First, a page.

NTNU researchers have made a major breakthrough in understanding how bacteria attack humans – and their findings have recently been published in the academic journal Science. Photo: Colourbox

Immune cells sacrifice themselves to protect against invading bacteria

Our immune systems are working overtime this time of year. Knowing that a bunch of dedicated immune cells are willing to explode themselves to inform other cells about the danger may offer a bit of consolation.

The stomach flu can turn the strongest individual into a limp dishrag. Snot and slime are going wild in kindergartens. This year’s flu is approaching in full swing.

You can have your fever-lowering drugs ready, but the flu is a strange thing. The same bacteria and viruses don’t hit everyone with the same intensity.

Some people get really sick, others less so. Some folks don’t get sick at all.

Why? What’s really going on in the body when viruses and bacteria sneak in the back door and gear up for a full-on party?

Black Death as a lifelong partner

A lot of researchers are intrigued by that very question. One of them is Professor Egil Lien at NTNU’s Centre of Molecular Inflammation Research (CEMIR). He splits his time between Norway and the United States and is one of the country’s foremost experts on how bacteria attack people.

Lien hasn’t chosen the easiest bacteria to get to know. He has opted to focus his study on a really nasty one called Yersinia pestis, known as the culprit behind the Black Death outbreak. You know, the bacteria that killed a third of Europe’s population in the 1300s.

Lien has singled out precisely this bacterium as a lifelong research partner because it’s a real deceptive one. Yersinia manipulates the immune system to hide from it, almost like a chameleon that changes colour. It also kills cells that the body uses in the immune system.

For more effective medication

Now Lien, PhD candidate Pontus Ørning and other research colleagues have made a new discovery about what happens in the body when bacteria like Yersinia and Salmonella are at peak activity. That could come in handy. Not only because Yersinia still exists and because antibiotic resistance is a growing problem, but because the new knowledge can be transferred to help understand other diseases.

The knowledge can also be used to make more effective medicines. This was such a huge research breakthrough that one of the world’s most esteemed journals, Science, has chosen to publish the research results.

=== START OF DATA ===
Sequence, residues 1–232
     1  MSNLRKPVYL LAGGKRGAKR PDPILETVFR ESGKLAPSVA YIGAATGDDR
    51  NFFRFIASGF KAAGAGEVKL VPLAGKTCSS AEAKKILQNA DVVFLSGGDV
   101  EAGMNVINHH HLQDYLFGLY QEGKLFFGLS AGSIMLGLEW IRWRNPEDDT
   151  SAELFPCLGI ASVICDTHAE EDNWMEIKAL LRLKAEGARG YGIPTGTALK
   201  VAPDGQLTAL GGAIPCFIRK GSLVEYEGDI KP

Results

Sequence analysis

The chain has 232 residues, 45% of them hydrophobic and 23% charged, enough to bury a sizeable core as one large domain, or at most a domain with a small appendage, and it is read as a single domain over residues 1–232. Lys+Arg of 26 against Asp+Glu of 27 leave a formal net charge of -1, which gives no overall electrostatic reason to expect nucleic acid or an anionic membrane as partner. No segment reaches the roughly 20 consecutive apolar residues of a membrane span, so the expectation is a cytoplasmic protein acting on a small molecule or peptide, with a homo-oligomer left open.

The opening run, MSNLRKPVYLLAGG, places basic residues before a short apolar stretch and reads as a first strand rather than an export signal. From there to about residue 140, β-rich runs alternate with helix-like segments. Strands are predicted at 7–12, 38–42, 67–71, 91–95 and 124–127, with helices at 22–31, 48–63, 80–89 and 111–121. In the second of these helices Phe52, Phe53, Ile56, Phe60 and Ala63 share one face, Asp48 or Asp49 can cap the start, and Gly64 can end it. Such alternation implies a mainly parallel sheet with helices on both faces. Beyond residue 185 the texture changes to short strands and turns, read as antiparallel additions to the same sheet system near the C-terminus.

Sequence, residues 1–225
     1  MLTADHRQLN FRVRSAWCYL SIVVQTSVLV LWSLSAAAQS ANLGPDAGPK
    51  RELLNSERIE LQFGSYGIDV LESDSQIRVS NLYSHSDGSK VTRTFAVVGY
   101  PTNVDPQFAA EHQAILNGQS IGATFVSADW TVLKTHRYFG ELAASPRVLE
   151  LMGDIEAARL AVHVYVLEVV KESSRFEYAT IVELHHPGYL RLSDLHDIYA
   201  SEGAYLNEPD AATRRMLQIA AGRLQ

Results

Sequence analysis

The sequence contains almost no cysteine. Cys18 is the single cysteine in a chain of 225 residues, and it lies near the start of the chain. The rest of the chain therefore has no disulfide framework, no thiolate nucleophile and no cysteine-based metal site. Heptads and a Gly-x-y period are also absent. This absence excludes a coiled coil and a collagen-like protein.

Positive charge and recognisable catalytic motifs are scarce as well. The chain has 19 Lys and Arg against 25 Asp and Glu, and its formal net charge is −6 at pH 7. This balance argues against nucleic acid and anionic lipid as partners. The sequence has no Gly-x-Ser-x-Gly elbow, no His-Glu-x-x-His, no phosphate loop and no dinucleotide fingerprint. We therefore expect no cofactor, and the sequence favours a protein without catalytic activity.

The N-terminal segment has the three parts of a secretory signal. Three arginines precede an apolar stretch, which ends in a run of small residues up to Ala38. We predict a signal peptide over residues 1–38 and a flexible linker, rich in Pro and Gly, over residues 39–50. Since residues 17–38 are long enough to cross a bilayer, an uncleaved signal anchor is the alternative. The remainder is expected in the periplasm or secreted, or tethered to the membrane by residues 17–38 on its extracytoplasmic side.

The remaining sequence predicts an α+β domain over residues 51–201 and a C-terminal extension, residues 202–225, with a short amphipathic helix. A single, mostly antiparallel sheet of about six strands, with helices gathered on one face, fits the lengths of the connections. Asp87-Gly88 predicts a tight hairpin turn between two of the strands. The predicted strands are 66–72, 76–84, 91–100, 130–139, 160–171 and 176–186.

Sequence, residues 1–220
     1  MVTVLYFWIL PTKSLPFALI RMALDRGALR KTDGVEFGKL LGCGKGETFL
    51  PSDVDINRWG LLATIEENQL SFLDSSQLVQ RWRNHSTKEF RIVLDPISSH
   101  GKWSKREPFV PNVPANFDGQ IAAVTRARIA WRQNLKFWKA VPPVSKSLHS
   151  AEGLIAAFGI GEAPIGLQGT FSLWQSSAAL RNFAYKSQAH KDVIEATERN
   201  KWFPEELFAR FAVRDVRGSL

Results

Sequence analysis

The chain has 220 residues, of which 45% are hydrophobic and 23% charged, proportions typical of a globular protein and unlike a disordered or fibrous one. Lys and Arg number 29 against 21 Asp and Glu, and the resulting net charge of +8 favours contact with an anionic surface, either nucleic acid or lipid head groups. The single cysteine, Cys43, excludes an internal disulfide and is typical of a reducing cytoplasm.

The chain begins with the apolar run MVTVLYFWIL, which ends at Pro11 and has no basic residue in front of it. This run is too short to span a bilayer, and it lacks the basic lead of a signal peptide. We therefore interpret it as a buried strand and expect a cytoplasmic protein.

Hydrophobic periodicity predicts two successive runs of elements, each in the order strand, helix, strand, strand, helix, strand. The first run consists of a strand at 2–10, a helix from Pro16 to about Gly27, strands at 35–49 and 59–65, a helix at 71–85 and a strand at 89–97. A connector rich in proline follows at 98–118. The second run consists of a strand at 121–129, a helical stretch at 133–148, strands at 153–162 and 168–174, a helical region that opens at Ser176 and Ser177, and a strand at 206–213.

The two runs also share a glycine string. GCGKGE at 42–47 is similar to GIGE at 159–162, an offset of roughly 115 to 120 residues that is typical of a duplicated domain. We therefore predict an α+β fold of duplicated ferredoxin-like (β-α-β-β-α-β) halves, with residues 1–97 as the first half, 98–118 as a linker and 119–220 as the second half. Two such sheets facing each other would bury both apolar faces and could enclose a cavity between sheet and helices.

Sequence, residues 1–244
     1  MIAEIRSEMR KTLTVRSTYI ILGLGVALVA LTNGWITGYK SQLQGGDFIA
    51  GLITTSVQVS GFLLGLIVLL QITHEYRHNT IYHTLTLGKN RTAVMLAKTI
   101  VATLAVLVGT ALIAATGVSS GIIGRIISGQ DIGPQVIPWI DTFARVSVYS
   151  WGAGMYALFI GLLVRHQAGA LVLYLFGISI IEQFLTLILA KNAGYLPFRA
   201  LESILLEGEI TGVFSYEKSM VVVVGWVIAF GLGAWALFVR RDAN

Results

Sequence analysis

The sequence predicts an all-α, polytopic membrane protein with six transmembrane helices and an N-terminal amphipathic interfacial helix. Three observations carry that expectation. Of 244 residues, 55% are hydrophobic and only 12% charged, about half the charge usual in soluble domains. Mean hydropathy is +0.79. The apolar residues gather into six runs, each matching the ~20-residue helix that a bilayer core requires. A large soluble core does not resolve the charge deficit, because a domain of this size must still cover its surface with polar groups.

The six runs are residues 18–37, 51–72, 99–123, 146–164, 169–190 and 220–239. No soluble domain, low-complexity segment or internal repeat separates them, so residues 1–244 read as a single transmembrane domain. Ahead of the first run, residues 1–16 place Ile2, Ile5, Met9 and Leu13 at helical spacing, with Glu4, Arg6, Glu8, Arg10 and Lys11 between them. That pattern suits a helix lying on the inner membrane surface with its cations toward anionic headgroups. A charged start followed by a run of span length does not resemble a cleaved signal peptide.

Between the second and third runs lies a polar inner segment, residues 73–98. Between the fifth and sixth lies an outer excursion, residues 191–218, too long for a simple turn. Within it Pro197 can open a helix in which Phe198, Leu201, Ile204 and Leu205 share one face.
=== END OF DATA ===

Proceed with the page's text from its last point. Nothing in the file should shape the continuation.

Sacrifice themselves in warning

It turns out that immune cells are so dedicated at their jobs that they explode themselves to release proteins that fight the invading bacteria and resulting damage. The explosion does not go unnoticed and warns the other immune cells. The immune cells sacrifice themselves to let the other cells know what is going on.

The process is so explosive that it is called pyroptosis.

What happens is that the immune cell forms small pores on its surface. This causes water to flow into the cell, which then swells until it bursts. When the cell explodes, it also releases substances that inhibit the invading bacteria from growing and that alert the other cells. Pretty effective, right?

Immune system backup kicks in

Sneaky Yersinia knows all this, and tries to camouflage itself and secretes an antidote. The NTNU researchers figured out that the body knows that Yersinia disguises itself. At this point, the action starts to get really involved, but the article in Science explains that the immune cells initiate a backup mechanism that is triggered in a way not previously understood.

“These findings show us complicated mechanisms that occur in the immune system to counter infection, but they may also apply to other diseases. Some of the same phenomena can happen in diseases that cause inflammation in the body in general, such as food poisoning or Alzheimer’s disease. So these findings can also increase our understanding of inflammation, which happens in most diseases as changes occur in the body,” says Lien.

You can read the research article in Science here.

Read more about the Centre for Molecular Inflammation Research (CEMIR) here.